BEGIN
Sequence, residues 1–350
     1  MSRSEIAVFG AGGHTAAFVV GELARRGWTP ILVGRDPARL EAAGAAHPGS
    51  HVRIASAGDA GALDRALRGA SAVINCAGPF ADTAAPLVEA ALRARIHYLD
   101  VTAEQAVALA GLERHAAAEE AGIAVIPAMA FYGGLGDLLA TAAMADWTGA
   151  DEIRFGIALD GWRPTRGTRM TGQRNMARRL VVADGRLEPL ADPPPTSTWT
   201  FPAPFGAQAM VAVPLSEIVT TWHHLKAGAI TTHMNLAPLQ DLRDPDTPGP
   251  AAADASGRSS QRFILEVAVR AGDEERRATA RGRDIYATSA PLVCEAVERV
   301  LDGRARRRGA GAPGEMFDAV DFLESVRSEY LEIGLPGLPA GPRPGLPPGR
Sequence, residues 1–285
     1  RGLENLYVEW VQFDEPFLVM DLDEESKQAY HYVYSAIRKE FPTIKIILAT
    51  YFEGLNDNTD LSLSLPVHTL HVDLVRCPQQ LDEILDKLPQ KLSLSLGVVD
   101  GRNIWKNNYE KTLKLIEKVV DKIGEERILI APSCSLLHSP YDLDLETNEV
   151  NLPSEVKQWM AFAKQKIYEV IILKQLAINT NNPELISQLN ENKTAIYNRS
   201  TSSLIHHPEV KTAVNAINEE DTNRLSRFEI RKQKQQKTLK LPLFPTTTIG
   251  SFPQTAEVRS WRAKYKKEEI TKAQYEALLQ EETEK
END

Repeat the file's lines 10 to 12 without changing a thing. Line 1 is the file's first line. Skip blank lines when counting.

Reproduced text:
     1  RGLENLYVEW VQFDEPFLVM DLDEESKQAY HYVYSAIRKE FPTIKIILAT
    51  YFEGLNDNTD LSLSLPVHTL HVDLVRCPQQ LDEILDKLPQ KLSLSLGVVD
   101  GRNIWKNNYE KTLKLIEKVV DKIGEERILI APSCSLLHSP YDLDLETNEV